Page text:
Discover one of the safest and best performing asset classes available today
Are you willing to explore a new investment asset class?
Are you looking for an investment product that consistently outperforms equities, property, and gold?
Do you long for a market that is secured by irrefutable, rock solid fundamentals?
If your answer is ‘YES’ to these three important questions, read on to find out about a collectable that may be just what you are looking for.
“Single malt #ScotchWhisky has consistently outperformed traditional investments including, equities, gold, property, and wine”.
The world whisky shortage is nothing new, but because of it, single malt Scotch whisky is undoubtedly one of the best performing assets in the world today. In fact, for the last 10 years or so, single malt whiskies aged between 25 and 60 plus years have proved to be one of the best investments money can buy. A simple internet search will identify an abundance of publicly available sales and price data highlighting Single malt #Scotch Whisky as a safe, lucrative, and secure investment. What’s more, this data shows that the potential returns available from single malt Scotch whisky, make it a more effective medium-term investment than the big three; equities, gold, and property.
“Nothing can compare with the performance of whisky, it has proved its status as an alternative investment,” Daniel Lam, Head of Wine & Whisky, Bonhams, Hong Kong – 2018
There is a huge amount of content on the internet discussing the performance of whisky as an investment, detailing exactly what makes single malt whisky such an irresistible and irrepressible investment asset.
For several decades, fine wine investment has been one of the most popular alternatives; so much so that commentators have used the investment performance of fine wines as a benchmark for other alternative investments.
The Bloomberg study below highlights the performance of whisky against fine wine over the last 10 years. Created using data from the Liv-ex 100 Benchmark Fine Wine Index and Rare Whisky 101, Bloomberg’s chart clearly shows that whisky has proven to be a remarkably more effective, and profitable alternative investment than fine wine for the last decade.
‘’Since the end of 2008, an index of whisky prices compiled by Rare Whisky 101 has increased 580 per cent while the Liv-ex 100 Benchmark Fine Wine Index grew about 50 per cent.’’ SOUTH CHINA MORNING POST
Spirit Whisky can only be Called Scotch Whisky After a Minimum Maturation Period of 3 Years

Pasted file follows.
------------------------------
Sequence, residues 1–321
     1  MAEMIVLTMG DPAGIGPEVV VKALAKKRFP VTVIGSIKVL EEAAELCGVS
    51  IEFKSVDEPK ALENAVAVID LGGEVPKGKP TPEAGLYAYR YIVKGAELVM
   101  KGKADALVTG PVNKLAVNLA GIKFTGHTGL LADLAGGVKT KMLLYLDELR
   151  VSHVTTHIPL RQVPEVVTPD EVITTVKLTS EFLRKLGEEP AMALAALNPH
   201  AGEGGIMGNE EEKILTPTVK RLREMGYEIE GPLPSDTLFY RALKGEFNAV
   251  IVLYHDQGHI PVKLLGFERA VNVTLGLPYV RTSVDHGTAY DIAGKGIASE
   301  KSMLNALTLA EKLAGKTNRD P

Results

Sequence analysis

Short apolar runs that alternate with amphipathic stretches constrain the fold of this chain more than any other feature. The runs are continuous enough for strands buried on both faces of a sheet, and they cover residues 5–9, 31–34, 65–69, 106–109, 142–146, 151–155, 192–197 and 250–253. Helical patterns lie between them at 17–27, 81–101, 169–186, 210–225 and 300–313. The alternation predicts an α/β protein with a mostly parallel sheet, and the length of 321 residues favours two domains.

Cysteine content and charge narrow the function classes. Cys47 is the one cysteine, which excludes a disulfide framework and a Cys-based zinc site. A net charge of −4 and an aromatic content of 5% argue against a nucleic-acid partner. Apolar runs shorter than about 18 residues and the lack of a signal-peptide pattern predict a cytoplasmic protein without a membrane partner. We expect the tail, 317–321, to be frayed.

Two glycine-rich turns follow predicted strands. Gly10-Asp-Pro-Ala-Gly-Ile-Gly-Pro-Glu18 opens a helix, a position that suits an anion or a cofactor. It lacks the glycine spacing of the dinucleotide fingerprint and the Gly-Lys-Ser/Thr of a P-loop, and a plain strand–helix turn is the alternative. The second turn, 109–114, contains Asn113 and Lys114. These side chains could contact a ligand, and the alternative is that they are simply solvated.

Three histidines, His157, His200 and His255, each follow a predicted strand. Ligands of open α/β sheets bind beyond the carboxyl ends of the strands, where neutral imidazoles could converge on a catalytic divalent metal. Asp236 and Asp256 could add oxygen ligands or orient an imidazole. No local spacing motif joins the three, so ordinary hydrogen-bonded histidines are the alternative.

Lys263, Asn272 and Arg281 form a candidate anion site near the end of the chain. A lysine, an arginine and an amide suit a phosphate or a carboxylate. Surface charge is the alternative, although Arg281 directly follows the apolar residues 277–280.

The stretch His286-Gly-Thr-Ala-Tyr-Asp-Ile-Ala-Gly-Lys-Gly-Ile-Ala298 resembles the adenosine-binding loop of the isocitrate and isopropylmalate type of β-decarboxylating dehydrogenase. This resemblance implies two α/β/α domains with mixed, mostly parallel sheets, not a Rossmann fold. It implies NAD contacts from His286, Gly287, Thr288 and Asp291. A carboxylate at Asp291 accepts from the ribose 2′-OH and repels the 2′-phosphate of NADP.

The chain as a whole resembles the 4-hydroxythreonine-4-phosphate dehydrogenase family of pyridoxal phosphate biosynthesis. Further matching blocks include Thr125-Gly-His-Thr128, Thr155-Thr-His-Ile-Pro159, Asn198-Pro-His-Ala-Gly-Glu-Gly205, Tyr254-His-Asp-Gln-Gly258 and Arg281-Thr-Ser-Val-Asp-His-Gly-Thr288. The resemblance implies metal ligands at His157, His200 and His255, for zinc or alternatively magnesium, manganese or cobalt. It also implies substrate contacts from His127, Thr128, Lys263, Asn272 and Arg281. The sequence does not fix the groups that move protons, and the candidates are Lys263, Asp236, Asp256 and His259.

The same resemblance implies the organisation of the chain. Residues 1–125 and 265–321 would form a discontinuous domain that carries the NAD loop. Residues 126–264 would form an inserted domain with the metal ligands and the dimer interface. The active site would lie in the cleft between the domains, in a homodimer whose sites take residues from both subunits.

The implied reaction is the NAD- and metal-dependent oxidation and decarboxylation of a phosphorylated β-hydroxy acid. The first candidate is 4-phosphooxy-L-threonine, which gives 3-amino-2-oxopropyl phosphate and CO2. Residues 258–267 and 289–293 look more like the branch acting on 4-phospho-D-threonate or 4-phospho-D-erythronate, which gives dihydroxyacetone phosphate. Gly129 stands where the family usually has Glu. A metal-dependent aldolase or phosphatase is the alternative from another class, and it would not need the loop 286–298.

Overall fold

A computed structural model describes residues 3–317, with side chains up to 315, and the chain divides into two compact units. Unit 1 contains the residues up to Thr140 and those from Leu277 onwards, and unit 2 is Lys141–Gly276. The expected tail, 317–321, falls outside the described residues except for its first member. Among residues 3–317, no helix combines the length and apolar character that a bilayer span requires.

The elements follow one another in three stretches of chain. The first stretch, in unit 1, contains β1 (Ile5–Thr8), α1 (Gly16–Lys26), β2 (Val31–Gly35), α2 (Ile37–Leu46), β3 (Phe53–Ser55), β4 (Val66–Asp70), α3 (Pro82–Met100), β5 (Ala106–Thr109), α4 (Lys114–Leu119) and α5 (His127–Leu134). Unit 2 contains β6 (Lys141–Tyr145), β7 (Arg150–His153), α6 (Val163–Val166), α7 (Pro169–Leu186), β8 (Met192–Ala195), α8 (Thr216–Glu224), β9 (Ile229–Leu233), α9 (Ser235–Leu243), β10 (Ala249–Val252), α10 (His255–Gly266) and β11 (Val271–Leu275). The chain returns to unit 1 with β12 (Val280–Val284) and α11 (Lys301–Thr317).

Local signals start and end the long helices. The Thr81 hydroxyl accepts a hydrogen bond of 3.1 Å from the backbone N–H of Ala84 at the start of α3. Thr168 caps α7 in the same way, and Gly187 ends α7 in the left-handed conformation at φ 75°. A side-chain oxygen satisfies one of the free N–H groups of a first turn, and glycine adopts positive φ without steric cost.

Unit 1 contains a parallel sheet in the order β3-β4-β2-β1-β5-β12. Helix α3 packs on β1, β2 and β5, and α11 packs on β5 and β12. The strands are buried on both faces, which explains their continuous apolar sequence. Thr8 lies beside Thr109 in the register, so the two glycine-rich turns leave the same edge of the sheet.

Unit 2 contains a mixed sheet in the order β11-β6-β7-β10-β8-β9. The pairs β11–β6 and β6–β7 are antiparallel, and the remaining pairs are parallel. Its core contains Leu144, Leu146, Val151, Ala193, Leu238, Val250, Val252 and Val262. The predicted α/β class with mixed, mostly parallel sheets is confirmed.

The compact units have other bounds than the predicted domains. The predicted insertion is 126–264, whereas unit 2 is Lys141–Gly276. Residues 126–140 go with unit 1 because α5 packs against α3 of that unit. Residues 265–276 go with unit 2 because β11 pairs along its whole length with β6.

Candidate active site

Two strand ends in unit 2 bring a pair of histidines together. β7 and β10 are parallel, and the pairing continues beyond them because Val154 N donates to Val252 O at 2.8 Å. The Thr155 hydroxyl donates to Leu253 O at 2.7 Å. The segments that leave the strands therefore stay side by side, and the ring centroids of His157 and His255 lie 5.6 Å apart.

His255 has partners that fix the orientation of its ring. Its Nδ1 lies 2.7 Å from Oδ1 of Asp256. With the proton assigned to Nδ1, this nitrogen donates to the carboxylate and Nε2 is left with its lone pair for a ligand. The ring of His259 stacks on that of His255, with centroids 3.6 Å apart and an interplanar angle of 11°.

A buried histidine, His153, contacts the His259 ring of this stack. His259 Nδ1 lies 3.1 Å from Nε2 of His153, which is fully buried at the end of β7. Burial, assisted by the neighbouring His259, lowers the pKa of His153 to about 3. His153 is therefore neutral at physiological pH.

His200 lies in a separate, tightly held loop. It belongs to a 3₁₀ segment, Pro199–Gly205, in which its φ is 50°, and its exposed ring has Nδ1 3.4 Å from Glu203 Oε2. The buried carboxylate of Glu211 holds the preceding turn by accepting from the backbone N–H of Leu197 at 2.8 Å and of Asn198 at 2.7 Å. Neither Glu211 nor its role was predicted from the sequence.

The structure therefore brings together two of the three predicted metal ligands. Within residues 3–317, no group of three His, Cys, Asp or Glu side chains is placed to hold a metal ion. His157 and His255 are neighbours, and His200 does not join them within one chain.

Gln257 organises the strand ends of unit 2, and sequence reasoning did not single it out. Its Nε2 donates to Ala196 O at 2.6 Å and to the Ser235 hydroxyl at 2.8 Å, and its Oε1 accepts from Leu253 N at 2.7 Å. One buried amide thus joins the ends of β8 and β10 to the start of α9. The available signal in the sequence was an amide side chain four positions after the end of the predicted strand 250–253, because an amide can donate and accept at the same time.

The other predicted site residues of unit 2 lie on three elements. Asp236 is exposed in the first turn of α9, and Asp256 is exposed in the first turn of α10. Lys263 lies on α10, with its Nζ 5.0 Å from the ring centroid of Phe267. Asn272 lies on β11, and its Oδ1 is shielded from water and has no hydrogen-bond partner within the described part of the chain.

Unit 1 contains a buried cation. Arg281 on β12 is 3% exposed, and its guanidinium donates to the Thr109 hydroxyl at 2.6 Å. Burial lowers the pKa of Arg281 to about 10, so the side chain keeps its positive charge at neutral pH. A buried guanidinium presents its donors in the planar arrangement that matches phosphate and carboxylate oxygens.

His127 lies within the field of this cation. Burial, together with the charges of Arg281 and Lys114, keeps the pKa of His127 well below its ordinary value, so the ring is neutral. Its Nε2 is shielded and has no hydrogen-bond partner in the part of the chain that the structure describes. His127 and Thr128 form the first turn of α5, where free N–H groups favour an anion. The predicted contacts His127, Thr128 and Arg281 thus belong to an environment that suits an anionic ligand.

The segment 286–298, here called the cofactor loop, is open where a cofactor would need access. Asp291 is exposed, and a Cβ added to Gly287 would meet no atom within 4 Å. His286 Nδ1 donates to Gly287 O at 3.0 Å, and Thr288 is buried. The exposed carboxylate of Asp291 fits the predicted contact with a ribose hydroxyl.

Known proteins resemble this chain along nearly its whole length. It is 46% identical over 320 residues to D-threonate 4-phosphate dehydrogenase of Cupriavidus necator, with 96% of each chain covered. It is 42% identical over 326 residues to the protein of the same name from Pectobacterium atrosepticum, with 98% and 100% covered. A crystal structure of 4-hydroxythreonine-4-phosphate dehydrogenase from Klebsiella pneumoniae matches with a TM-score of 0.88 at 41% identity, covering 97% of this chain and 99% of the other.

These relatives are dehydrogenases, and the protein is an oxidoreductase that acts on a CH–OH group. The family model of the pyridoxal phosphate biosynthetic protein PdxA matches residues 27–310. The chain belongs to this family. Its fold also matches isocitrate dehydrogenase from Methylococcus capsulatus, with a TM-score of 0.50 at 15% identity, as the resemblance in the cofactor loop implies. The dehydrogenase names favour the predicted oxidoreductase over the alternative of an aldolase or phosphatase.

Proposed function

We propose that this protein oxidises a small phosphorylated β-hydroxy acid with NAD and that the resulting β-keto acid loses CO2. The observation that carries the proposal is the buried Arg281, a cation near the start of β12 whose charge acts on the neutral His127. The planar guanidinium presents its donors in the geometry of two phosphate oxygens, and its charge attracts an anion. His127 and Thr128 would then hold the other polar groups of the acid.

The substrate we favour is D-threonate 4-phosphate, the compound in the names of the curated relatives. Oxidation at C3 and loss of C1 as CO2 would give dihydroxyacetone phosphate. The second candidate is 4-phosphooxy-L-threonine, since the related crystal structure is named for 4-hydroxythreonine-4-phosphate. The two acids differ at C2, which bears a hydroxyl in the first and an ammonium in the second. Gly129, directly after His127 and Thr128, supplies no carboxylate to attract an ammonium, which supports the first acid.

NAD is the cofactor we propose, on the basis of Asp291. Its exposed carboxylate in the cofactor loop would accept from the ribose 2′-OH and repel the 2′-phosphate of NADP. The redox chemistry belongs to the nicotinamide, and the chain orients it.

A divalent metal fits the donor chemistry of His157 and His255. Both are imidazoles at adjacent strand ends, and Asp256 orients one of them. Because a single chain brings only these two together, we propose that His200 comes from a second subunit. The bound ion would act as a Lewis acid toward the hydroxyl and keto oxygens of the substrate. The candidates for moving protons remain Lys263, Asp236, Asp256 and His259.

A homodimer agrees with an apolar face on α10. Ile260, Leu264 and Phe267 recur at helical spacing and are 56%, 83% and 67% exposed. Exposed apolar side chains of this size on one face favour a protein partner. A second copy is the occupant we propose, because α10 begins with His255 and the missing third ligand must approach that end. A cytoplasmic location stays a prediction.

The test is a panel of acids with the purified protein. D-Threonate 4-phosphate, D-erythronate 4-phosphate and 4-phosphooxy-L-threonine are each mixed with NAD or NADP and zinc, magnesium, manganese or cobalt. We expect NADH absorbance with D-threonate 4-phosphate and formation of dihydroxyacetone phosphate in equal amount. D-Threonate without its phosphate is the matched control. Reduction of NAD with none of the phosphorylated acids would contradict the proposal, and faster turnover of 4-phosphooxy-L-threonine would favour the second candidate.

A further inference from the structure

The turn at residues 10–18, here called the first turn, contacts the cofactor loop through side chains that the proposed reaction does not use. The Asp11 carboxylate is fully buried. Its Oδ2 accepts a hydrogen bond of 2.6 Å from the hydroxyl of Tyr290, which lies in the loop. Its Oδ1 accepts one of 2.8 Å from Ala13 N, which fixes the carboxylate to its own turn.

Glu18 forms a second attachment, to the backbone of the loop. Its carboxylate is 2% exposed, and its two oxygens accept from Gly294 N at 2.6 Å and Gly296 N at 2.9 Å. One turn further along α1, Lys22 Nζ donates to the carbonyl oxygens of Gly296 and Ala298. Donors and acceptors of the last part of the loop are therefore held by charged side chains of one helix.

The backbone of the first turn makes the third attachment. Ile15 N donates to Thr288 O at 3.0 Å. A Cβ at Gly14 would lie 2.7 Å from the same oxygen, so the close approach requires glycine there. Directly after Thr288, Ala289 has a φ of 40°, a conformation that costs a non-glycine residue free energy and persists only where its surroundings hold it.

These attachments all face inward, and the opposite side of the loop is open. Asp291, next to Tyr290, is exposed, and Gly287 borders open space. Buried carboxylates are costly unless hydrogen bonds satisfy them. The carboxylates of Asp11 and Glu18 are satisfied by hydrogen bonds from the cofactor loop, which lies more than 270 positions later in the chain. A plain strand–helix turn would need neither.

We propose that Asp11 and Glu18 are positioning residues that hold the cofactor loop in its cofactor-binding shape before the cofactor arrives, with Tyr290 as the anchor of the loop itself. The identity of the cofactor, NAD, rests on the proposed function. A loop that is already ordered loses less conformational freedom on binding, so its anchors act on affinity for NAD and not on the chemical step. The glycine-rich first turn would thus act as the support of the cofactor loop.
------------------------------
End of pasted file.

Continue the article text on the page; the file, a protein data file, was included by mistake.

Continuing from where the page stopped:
The Scotch Whisky Regulations 2009 stipulate that the spirit whisky created by a distillery may only be called Scotch after a minimum of 3 years maturing in a cask. A 60 year old single malt needs to be ‘laid down’ in cask for over 2 generations to mature, so it is easy to understand why it is so difficult for distilleries to plan for future aged releases.
Single Malt Scotch Whisky now accounts for 20% of all UK whisky exports, and as appreciation for whisky increases in line with population growth, it is the lengthy process of maturation that has naturally created such an acute shortage of single malt whisky. Distilleries recognise this and are now releasing much younger ‘No Age Statement’ whiskies (NAS) to feed the ever growing demand and avoid the extremely long maturation time needed to create the classic single malt whiskies of old.
Soon you will not be able to order a single malt whisky by its age, if it is a No Age Statement whisky, you will instead order it by its contrived, but rather appealing name. A good example of this is Suntory discontinuing its Hibiki 12 Year-Old in 2015 (due to an acute shortage in supply of suitable 12 year old casks) before introducing an NAS whisky called ‘Harmony’… perhaps intended as a replacement?
Single malts aged for 25 years and above may well soon become a thing of the past. Hence, they are not only prized and collected by investors as valuable appreciating assets, they also offer the security of a fast disappearing product, steeped in a glorious history.
In May 2018 Suntory, the Japanese whisky power house, announced that due to insufficient availability of suitably aged stock, they would be ceasing production of their much loved, Hibiki 17 year old.
Prices for the Hibiki 17 doubled almost overnight and have risen by over 250% on average in the last month as collectors and investors scramble to buy up the last remaining bottles in the market.
How to Invest in Whisky?